Woodworking Shop Tips and Tricks

Are you looking for easy idea hacks? Look no further! Those hacks are right here, within this article. I have nine hack ideas for woodworking. These tips and tricks can save time and money based on the needs of how you apply the ideas.

1. Sticky Notes

Do you hate it when you are on a ladder, and you come down the ladder and walk over to your miter saw or table saw, and you forget the measurement? I will admit I have forgotten the measurements more than a time or two. It happens. Everyone tends to forget at one point or another. After all, we are human.

Sticky notes can help. Place the sticky note on the front of your tape measure every time you measure something, write it on the sticky note. When you get back to the saw you have the measurement written down. When you are done with the measurements, cross them out. When the note has no more room, replace it with a new sticky note.

2. Combination Square and Pencil as a Scribe

Here is another trick with a combo square and a pencil. For example, you have a 1×8 board. It is 8 feet long, but the board needs to be 7 1/8” wide.

If you have a combination square with a small hole in the center of the metal ruler, put the tip of the pencil in the hole and move the handle by loosening the thumbscrew and measuring with a tape measure to ensure you have the correct measurement. Tighten the thumbscrew and run the combination square along the 1×8 with the pencil in the pilot hole.

If your combination square does not have a pilot hole, drill a hole big enough for the tip of the pencil.

3. Template Trick With Paper

Placing shelves or wall décor with the infamous keyhole slots can be intimidating. You might find yourself holding your breath or biting your tongue because you don’t want to mess with putting the nick-nacks on the wall due to missing the keyholes by that much!

With this paper hack, rest assured you will nail this every time! Take a piece of paper, place it over the keyhole slots and with a pencil shade over the hole. The pencil will highlight the perimeter of the hole.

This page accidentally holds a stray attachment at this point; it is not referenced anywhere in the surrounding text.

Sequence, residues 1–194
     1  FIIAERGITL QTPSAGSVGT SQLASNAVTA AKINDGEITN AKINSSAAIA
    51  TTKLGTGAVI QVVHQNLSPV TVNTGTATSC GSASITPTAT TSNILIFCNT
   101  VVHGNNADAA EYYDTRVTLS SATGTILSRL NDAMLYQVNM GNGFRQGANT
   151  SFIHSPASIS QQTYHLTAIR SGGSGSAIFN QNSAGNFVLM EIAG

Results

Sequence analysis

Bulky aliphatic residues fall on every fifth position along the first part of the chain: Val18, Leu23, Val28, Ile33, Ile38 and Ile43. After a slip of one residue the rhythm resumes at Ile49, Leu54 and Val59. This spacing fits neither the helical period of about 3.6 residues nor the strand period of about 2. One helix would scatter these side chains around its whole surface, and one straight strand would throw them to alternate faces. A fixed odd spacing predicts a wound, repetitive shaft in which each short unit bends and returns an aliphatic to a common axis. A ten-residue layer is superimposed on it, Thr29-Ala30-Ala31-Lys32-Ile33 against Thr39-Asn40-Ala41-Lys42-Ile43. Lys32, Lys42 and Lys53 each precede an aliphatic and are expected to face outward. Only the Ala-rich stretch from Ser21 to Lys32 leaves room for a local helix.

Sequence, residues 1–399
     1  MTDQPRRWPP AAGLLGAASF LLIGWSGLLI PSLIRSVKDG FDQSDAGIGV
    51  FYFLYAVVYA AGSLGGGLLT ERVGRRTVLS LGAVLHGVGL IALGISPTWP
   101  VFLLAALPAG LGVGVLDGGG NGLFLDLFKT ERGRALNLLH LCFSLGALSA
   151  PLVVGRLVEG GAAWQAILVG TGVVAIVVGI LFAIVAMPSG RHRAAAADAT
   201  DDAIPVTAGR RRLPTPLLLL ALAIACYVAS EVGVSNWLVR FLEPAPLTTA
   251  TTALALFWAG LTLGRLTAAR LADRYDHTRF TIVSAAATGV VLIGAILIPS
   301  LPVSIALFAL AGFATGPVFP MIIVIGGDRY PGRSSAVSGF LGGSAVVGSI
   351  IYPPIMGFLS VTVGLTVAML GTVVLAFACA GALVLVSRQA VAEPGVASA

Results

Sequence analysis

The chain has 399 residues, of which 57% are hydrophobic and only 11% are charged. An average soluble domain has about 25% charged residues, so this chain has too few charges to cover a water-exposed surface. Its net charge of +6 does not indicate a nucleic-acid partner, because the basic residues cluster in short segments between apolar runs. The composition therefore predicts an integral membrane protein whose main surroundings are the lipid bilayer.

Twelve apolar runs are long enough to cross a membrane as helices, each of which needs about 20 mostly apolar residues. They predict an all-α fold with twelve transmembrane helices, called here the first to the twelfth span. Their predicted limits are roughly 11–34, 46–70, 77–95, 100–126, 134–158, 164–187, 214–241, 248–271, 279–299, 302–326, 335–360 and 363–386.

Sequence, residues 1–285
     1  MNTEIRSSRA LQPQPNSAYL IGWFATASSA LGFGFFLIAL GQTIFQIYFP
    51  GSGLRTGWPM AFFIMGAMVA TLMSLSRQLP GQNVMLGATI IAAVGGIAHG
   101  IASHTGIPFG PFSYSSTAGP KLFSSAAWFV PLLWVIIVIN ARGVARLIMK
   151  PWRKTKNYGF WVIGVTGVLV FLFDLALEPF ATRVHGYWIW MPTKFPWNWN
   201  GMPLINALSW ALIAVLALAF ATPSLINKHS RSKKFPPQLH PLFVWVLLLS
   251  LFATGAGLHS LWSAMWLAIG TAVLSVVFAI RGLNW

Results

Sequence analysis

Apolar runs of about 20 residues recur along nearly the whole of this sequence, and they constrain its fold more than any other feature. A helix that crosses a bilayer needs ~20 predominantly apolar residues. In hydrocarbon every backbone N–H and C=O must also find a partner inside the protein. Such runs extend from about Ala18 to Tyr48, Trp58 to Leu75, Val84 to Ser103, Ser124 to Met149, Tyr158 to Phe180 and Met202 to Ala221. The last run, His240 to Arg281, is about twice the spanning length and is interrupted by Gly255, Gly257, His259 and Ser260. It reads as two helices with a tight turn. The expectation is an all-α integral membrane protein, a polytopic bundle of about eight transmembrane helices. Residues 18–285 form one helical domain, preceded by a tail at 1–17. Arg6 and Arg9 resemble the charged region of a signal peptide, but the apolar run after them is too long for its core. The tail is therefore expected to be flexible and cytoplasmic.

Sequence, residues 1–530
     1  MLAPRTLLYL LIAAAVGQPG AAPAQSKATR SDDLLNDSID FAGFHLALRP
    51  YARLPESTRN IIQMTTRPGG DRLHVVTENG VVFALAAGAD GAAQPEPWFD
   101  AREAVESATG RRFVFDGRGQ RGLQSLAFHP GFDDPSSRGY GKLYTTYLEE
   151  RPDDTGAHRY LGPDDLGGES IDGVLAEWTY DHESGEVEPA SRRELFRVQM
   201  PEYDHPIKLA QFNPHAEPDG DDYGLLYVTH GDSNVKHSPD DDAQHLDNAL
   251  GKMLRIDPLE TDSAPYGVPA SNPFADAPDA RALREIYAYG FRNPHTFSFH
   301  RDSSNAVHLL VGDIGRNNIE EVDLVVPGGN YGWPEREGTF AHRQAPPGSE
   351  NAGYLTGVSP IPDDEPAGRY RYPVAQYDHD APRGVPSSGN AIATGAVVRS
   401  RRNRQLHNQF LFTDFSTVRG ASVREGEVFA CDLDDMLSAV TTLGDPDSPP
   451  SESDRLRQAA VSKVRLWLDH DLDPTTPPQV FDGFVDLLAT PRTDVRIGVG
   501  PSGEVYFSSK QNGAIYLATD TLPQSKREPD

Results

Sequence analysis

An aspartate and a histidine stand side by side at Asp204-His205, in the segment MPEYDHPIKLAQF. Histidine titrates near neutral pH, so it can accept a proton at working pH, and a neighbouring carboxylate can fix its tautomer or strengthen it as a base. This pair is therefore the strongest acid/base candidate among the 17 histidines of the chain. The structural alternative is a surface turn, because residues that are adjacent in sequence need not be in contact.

Place the paper on the wall and put a torpedo level against the wall. Level the torpedo level and lightly scribe under the level. Next, place the paper against the pencil mark and use a screw to push through the paper to mark your holes. There you have it, no more pulling your hair. If you continue without this hack, you might cause yourself uncontrollable hair loss.

4. Sanding Curves

When using my wood lathe and making small wooden handles for noodle boards, I found a trick when sanding curves. These curves were small, and I needed the curves sanded.

I took a pencil and wrapped sandpaper around the pencil and placed it onto the curve. This worked for what I needed, but with more intricate curves, you need to improvise. Sandpaper is flexible and you can wrap and shape whatever you use.

5. Yardstick Trick for Perfect Circles

Why is it, you are always trying for that perfect circle, regardless of the size? Don’t worry. With this no-brainer hack, you will become an expert circle maker in no time. I promise!

Take a yardstick and drill two holes in the center of the yardstick through the wood. One at the 1” mark and the other at the desired diameter. For example, you want an 8” hole. Secure a screw at the 1” hole and place a pencil into the 9” hole. Move the pencil as if drawing a circle. You can thank me later.

6. Cheap Spray Bottle as a Stain Sprayer